What is Pixel Density or PPI?

Pixel density is a calculation that returns the number of physical pixels per inch on a screen or display of a device. It’s often referred to as Pixels Per Inch or PPI.

Pixel density has become increasingly important as the resolution of screens has increased dramatically in the past several years. For example, the Apple iPhone 14 has a high resolution screen with a pixel density of 460. In contrast, older XGA monitors had a PPI of around 85. Increased PPI can improve the quality of the viewing experience. Even when held closely, high PPI screens do not look pixelated (assuming that the image is of high enough quality to begin with).

What are the Key Inputs for Pixel Density Calculation?

As you might expect, the resolution and physical dimensions of the screen go into the pixel density calculation.

3 happy people on bright backgrounds looking at their phones; text reads: " The 6 Steps to Image Optimization - Read Our Blog"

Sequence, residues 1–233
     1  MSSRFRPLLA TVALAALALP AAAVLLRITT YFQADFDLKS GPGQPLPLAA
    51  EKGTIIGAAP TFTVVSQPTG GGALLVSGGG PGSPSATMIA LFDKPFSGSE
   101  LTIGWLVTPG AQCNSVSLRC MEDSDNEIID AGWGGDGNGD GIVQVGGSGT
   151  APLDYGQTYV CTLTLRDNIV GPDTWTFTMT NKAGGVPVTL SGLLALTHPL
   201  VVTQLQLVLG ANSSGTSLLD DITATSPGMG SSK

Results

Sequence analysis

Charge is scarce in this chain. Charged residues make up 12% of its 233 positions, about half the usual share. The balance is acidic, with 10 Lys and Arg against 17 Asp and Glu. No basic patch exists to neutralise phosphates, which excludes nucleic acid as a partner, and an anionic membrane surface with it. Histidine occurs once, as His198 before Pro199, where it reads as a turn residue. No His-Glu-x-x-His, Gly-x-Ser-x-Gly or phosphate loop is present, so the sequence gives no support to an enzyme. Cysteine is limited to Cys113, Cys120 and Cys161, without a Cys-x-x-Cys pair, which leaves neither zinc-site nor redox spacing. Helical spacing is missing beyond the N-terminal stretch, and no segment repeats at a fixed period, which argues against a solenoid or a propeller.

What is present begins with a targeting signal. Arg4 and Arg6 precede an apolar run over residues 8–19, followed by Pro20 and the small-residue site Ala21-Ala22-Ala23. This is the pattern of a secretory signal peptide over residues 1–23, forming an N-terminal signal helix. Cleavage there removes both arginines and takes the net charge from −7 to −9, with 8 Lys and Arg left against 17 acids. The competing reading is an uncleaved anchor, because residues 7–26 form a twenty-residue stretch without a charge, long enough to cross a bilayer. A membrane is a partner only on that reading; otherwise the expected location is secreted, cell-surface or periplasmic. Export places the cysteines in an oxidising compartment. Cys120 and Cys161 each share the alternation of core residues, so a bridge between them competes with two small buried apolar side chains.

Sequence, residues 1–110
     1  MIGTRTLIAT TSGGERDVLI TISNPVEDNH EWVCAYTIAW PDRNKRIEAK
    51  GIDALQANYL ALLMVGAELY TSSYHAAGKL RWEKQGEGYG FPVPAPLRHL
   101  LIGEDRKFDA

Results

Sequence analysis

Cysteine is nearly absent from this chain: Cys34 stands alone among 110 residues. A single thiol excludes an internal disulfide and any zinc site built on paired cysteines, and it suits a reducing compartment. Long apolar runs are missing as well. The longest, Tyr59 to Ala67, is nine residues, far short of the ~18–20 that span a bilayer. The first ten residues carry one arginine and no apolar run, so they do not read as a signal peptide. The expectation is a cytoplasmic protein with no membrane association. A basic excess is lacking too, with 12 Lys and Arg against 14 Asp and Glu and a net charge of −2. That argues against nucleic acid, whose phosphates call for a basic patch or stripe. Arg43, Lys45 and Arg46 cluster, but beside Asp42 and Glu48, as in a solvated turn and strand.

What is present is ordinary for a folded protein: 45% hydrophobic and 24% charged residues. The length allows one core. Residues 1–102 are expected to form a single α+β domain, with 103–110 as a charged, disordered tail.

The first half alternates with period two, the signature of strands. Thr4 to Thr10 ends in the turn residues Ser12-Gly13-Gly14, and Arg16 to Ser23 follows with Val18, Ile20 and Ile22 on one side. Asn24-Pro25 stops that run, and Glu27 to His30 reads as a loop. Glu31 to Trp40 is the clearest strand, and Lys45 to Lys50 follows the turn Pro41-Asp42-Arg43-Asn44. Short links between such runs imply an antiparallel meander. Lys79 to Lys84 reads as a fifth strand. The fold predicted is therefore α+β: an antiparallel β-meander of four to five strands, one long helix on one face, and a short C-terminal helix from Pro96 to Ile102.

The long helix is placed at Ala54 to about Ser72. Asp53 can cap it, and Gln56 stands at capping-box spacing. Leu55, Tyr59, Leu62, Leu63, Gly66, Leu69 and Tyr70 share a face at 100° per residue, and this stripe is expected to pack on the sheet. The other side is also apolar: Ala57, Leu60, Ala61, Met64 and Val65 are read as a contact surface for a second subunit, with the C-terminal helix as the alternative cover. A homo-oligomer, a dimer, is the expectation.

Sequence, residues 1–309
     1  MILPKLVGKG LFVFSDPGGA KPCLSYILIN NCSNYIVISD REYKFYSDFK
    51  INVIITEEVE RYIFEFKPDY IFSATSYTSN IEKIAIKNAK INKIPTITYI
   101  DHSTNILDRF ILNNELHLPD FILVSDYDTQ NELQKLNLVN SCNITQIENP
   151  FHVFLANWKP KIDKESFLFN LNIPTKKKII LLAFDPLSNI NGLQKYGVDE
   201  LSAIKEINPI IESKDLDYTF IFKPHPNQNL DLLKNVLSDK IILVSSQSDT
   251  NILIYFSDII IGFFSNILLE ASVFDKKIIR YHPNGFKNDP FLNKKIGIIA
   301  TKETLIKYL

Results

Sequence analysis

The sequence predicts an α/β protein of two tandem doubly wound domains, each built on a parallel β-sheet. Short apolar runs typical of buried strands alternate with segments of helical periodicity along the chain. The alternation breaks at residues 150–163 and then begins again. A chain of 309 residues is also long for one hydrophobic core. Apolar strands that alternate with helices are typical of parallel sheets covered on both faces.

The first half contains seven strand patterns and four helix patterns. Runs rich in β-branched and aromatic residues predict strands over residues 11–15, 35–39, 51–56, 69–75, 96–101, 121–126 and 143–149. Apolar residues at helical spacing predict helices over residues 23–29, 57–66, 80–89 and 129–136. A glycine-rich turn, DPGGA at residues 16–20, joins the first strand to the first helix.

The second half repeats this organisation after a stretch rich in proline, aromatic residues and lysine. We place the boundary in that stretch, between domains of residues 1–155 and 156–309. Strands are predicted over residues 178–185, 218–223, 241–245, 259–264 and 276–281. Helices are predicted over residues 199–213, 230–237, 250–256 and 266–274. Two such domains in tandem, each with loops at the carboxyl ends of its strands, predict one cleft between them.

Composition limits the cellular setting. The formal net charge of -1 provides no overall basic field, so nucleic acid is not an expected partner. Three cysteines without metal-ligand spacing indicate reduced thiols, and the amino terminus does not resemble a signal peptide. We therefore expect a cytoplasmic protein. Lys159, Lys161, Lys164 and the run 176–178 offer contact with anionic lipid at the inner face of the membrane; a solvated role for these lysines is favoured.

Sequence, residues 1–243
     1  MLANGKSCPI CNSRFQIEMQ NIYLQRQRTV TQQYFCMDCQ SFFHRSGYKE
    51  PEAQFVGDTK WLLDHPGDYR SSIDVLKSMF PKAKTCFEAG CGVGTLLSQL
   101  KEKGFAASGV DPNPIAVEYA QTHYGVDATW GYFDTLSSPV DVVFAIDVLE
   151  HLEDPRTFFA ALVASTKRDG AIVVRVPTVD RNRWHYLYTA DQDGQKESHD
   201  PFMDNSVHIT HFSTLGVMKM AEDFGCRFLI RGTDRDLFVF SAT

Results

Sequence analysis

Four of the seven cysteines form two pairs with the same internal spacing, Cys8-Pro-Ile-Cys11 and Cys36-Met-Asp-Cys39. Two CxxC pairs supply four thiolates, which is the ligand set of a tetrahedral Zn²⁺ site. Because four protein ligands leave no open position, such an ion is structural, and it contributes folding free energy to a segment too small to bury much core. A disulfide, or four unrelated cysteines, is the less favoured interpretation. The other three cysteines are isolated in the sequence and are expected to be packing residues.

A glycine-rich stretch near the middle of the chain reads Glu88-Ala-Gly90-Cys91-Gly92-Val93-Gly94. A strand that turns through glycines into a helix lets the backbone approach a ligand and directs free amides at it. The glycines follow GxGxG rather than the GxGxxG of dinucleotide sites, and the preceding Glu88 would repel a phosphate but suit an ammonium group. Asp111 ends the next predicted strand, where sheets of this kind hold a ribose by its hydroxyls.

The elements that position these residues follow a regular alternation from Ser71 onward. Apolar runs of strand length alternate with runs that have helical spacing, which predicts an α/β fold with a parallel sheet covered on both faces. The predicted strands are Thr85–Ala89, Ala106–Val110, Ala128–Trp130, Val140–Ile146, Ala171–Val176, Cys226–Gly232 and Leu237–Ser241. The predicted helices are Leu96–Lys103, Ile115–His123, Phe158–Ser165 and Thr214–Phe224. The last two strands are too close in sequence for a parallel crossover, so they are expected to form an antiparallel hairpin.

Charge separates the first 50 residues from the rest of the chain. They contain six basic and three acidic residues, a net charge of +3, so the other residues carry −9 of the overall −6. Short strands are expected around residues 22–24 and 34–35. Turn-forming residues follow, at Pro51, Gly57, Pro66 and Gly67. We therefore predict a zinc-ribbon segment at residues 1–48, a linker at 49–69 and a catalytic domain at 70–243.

Struggling to get your SEO just right? Start with your image optimization, and start with our blog!

Resolution_width and resolution_height of the screen give you the number of physical pixels. It’s important to note that these are physical pixels, not logical or CSS pixels.

The physical width and height of the screen converted into inches is in the denominator.

For a more detailed explanation, you can visit here.

It’s important to point out that most ua parsers or sniffers are not sophisticated or accurate enough to determine the device and its resolution and physical screen size. However, a fully fledged device detection solution like WURFL, built into ImageEngine’s image CDN, contains over 500 properties or capabilities of a device.

How Does Image Optimization Use Pixel Density?

While it has many use cases, pixel density is useful when optimizing, resizing, or reformatting images. Pixel density will tell you how far you can reduce the dimensions or compression of an image before visual quality is impacted.

ImageEngine has device-aware edge servers in its content delivery network (CDN). These servers use WURFL device detection to determine many device capabilities, including pixel density. If a device visits a website and there is not already an optimized image cached at the edge server, then it will pass pixel density and other device information back to ImageEngine’s optimization processor.

More articles you may be interested in.